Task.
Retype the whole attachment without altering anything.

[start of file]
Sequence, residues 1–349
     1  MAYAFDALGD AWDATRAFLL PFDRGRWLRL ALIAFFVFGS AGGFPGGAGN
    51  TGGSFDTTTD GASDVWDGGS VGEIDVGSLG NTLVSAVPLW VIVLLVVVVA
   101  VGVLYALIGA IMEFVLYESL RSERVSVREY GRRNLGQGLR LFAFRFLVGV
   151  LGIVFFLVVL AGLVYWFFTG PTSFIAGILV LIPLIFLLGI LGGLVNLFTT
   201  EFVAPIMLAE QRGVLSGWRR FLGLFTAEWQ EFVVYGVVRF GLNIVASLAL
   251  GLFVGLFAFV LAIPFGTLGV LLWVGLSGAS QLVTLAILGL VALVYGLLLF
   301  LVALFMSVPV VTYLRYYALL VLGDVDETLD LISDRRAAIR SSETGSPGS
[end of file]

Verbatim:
Sequence, residues 1–349
     1  MAYAFDALGD AWDATRAFLL PFDRGRWLRL ALIAFFVFGS AGGFPGGAGN
    51  TGGSFDTTTD GASDVWDGGS VGEIDVGSLG NTLVSAVPLW VIVLLVVVVA
   101  VGVLYALIGA IMEFVLYESL RSERVSVREY GRRNLGQGLR LFAFRFLVGV
   151  LGIVFFLVVL AGLVYWFFTG PTSFIAGILV LIPLIFLLGI LGGLVNLFTT
   201  EFVAPIMLAE QRGVLSGWRR FLGLFTAEWQ EFVVYGVVRF GLNIVASLAL
   251  GLFVGLFAFV LAIPFGTLGV LLWVGLSGAS QLVTLAILGL VALVYGLLLF
   301  LVALFMSVPV VTYLRYYALL VLGDVDETLD LISDRRAAIR SSETGSPGS